The another_script dependency assumes you have already used wp_enqueue_script to assign it a handle and a src.

The outcome in this scenario is that jQuery and another_script will load before my_script.

Ver

The ver argument is simply the version of the JavaScript file for caching purposes. If you are supplying your own script, it’s a good idea to supply a version.

The version is string based and looks like this:


<?php
wp_enqueue_script('my_script', WP_CONTENT_URL . 'plugins/my_plugin/my_script.js', array('jquery', 'another_script'), '1.0.0');
?>

As you update your JavaScript file, update the ver argument. If you don’t, you’ll inevitably run into caching issues with WordPress.

In_footer

The in_footer argument (since WP 2.8) determines if the script will load in the header or footer (header is the default).

To load your script in the footer, simply pass it a 1 (or true).


<?php
wp_enqueue_script('my_script', WP_CONTENT_URL . 'plugins/my_plugin/my_script.js', array('jquery', 'another_script'), '1.0.0', true);
?>

Great care should be used when setting the scripts to load in the footer as some themes do not have this functionality built in (the theme must make use of the wp_footer function call).

Naming Your Handler

One last thing (err, warning?) to take note of is naming your handler for wp_enqueue_script. If you are using a third-party script (say, Colorbox), use common sense in naming the handler. There’s no reason to name it “lightbox” or “mybox”. The handler name should be obvious, right?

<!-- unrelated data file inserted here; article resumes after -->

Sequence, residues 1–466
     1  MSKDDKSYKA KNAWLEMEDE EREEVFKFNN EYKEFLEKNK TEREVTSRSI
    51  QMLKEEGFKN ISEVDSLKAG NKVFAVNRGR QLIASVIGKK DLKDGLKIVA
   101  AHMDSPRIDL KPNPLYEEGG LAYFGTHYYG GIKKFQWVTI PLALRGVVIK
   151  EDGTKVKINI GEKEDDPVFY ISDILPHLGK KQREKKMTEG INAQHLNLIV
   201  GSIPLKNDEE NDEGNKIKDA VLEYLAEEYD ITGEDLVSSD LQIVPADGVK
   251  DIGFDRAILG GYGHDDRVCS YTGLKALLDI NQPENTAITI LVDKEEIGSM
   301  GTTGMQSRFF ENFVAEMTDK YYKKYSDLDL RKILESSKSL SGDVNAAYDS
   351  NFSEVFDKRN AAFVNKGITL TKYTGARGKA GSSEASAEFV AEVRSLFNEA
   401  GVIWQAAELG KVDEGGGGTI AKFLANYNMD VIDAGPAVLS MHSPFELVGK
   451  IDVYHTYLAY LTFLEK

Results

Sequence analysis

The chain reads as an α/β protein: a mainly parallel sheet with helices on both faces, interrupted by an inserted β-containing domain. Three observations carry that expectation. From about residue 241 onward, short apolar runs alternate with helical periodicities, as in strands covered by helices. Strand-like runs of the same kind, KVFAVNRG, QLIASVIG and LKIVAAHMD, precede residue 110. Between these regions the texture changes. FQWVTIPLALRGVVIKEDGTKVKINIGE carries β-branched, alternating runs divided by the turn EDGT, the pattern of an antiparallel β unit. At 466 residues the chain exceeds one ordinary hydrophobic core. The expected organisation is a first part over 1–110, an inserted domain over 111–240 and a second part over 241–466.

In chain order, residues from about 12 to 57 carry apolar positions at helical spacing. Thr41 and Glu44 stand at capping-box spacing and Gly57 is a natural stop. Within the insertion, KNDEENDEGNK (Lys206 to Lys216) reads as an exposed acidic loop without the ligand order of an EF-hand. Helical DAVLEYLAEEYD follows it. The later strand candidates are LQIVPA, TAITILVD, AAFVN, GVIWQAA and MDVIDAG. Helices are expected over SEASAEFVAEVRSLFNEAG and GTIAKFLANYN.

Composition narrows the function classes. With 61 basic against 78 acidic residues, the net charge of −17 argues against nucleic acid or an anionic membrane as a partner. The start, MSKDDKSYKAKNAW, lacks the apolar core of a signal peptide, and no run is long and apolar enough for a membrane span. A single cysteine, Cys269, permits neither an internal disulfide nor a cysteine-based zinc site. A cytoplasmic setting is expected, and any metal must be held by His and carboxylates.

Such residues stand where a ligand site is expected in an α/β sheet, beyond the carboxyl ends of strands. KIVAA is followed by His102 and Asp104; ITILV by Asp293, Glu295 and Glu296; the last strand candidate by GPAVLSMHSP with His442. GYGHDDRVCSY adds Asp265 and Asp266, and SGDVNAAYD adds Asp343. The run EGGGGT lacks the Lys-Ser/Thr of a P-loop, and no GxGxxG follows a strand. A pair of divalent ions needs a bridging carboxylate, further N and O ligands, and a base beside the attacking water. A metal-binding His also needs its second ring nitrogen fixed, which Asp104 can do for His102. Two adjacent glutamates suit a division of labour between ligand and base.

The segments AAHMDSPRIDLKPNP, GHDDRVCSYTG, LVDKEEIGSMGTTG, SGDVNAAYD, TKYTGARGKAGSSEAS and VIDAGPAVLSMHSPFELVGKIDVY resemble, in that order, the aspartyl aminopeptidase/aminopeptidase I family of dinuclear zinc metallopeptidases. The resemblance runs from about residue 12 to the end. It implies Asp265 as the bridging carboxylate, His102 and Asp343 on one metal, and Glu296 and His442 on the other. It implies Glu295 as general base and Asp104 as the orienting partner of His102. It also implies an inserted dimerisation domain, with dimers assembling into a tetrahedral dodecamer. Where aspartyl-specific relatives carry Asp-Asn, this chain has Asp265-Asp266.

The same goes for the built-in scripts with WordPress.

For example, the handler ‘jquery’ is built-in. Do you want to supply your own version of jQuery?

How about ruin everybody’s day and give it a handler of ‘jquery.js’? The result will inevitably be two jQuery instances loading on the same page and causing mayhem with other scripts.

Instead, use the function wp_deregister_script to remove the WordPress reference and supply your own.


<?php
wp_deregister_script(array('jquery'));
wp_enqueue_script('jquery', 'your-jquery-path.js');
?>

With this technique, however, you should have a pretty darn good reason for not including the default scripts. After all, you’ll essentially be running a piece of software that may not be fully tested and/or compatible with WordPress.

Great, I have wp_enqueue_script down. Now what?

You have to call wp_enqueue_script from the appropriate hook in WordPress.

Fortunately, WordPress has two such action hooks you can tap into: admin_print_scripts and wp_print_scripts.

The admin_print_scripts hook allows you to add scripts in the admin panel, while the wp_print_scripts hook allows you to add scripts everywhere else.

Adding your wp_enqueue_script code is as simple as adding an action inside your plugin or theme code.

An example of the code being used inside of a class constructor is:


<?php
add_action('admin_print_scripts', array(&$this, 'add_admin_scripts'));
?>

And for those not using a class (classes help avoid conflicts with other plugins):


<?php
add_action('admin_print_scripts', 'add_admin_scripts');
?>

For the above example, we have a callback method of add_admin_scripts. An example of it in use is:


<?php
function add_admin_scripts() {
    wp_enqueue_script('jquery');
}
?>

Conclusion

Here are the steps you should follow in order to add scripts to a WordPress theme or plugin:

  • Add the appropriate action to your WordPress theme or plugin (themers will want to use functions.php).
  • Determine your script dependencies.
  • Code your wp_enqueue_script calls appropriately.

This article is an excerpt from Ronald Huereca’s e-book entitled WordPress and Ajax (used with permission).